Finally, in order to maintain alignment with USDE regulations, the Commission has made revisions to the types of changes listed in its policy. Those changes are listed below for your reference.

Minor changes include, but are not limited to, the following:

– Adding existing program(s) of one year (or more) in length to a previously reported and evaluated location where 50% or more of the program requirements are delivered (assuming minimal need for additional resources);
– Adding a degree or certificate program using Competency-Based Education delivery where Competency-Based Education delivery is previously reported and evaluated;
– Adding a new degree program in the same level of accreditation and closely related to fields of study previously reported and evaluated; and/or
– Placing in moratorium, suspending, or terminating a degree program of 30 semester or 45 quarter credits in length.

Major changes include, but are not limited to, the following:

– Changing institutional mission, objectives, and core themes;
– Changing legal status, form of control, ownership, or sponsorship of the institution;
– Adding courses or a degree program at a new degree level not listed for the institution with the NWCCU;
– Establishing a branch campus;
– Acquiring, or merging with, another institution/organization, program or location of another institution;
– Adding courses/program(s) for academic credit outside the NWCCU region;
– Entering into a contractual agreement with a regionally accredited or non-regionally accredited organization to provide courses and program(s) for academic credit on behalf of the candidate or accredited member institution;
– Adding program(s) for academic credit within the NWCCU region in a legal jurisdiction not previously reported and evaluated;
– Establishing an additional location geographically apart (more than 20 miles) from the main campus at which the institution offers at least 50 percent of an education program;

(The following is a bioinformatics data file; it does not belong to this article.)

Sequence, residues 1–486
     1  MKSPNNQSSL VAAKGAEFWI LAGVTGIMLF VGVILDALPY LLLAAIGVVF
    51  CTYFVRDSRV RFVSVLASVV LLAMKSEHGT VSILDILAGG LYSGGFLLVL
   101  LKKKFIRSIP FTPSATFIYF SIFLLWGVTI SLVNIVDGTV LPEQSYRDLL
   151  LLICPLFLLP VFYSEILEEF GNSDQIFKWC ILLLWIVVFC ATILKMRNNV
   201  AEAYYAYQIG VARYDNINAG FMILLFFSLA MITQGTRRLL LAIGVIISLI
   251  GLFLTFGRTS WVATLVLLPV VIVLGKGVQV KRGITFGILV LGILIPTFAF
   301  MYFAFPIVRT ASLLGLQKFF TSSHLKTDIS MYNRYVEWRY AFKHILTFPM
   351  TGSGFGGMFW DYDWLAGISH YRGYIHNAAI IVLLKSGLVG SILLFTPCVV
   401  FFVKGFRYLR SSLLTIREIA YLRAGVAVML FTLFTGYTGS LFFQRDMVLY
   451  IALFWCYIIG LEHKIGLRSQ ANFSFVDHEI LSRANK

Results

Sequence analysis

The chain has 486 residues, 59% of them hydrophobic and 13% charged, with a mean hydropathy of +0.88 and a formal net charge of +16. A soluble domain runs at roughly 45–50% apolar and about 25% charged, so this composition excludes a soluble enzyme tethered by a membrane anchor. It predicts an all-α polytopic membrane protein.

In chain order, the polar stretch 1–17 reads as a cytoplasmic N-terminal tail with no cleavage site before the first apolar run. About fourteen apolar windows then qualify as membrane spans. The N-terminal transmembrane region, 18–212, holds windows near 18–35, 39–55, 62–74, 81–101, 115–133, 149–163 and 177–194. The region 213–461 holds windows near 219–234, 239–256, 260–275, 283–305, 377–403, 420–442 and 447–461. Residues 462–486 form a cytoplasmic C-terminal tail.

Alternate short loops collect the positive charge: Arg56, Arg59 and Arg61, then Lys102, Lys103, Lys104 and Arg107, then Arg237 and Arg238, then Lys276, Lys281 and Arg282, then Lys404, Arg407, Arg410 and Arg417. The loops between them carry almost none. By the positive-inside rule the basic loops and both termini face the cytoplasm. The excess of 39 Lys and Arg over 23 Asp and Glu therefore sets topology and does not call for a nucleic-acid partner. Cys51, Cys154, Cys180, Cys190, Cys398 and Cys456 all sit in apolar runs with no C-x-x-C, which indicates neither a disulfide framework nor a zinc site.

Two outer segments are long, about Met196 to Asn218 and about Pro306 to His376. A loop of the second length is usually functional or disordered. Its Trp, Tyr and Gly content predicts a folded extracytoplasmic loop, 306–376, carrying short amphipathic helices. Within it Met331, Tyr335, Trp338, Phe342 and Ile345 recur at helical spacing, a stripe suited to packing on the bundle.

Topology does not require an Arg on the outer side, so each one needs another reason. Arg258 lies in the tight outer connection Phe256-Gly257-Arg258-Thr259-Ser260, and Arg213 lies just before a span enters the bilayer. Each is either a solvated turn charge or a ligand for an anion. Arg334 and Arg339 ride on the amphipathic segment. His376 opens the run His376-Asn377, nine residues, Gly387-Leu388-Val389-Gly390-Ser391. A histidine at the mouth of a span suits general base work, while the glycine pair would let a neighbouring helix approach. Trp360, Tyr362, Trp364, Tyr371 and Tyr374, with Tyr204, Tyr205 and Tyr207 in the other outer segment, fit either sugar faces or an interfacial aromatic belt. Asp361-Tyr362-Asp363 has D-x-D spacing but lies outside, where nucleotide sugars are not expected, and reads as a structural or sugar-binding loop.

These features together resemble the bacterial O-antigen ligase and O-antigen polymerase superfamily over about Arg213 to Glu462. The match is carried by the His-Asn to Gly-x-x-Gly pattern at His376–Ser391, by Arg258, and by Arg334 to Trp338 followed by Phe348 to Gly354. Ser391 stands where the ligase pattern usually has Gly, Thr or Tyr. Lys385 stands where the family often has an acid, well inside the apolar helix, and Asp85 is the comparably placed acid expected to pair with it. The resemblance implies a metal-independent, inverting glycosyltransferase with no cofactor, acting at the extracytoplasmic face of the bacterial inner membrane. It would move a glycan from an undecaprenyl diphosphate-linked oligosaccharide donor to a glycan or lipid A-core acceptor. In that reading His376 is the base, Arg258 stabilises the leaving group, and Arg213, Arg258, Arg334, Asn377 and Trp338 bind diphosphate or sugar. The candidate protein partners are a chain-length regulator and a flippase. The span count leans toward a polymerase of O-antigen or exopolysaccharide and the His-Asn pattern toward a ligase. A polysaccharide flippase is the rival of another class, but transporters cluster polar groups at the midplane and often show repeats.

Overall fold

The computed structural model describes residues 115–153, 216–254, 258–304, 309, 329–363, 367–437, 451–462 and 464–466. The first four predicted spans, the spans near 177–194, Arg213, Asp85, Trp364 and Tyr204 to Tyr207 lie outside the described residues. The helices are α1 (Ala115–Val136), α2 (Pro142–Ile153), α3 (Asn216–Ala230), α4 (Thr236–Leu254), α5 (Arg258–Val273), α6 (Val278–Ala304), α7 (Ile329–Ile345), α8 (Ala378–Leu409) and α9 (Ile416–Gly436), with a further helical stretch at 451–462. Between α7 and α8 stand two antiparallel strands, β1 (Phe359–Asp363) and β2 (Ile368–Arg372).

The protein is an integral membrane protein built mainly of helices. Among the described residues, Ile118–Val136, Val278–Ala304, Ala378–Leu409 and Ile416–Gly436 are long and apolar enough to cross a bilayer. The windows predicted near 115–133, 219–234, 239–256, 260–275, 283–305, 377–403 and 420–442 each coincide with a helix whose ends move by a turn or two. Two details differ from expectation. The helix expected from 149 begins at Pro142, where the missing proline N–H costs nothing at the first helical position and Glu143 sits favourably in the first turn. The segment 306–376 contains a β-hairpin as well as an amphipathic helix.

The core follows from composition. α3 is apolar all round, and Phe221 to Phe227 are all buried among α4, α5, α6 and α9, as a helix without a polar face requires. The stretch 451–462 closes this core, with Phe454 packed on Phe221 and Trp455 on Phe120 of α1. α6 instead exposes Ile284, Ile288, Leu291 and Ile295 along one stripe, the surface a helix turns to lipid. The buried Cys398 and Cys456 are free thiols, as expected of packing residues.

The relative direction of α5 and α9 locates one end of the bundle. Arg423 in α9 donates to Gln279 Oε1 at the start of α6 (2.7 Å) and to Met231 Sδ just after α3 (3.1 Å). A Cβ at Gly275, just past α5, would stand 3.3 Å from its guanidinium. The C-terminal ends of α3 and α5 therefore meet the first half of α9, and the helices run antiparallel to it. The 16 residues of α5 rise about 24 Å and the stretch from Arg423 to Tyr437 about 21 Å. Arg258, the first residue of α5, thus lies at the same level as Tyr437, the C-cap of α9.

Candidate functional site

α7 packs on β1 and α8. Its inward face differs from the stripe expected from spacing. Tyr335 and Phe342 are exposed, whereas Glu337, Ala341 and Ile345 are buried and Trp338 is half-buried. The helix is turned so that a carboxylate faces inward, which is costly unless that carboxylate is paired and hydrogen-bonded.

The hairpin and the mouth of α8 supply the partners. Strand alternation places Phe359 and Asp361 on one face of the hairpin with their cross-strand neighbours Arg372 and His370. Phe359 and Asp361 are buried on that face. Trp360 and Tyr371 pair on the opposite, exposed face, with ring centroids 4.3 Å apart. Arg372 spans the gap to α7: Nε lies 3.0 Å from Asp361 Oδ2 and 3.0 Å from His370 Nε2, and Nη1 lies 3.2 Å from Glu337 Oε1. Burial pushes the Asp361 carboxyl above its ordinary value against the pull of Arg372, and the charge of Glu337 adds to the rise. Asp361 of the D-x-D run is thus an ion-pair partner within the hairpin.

– Adding courses or programs that represent a significant departure from existing offerings of education programs or a significant departure in method of delivery from those that were previously reported and evaluated;
– First time use of a distance delivery infrastructure, or, offering 50% or more to completion of program requirements by distance delivery;
– First time offering of Competency-Based (or direct assessment) Education Programs;
– Adding programs delivered through direct assessment or delivered through a “hybrid” direct assessment approach where not previously reported and evaluated;
– Changing from clock hours to credit hours or vice versa, or a substantial increase or decrease in the length of a program or the number of clock or credit hours awarded for successful completion of a program; and/or
– Adding a permanent location at a site at which the institution is conducting a teach-out for students of another institution that has ceased operating before all students have completed their program of study

Below please find the Commission’s revised Policy, Substantive Change. If you have any questions, please contact Vice President Goad or Associate Vice President Martinez.

Substantive Change Policy – 2017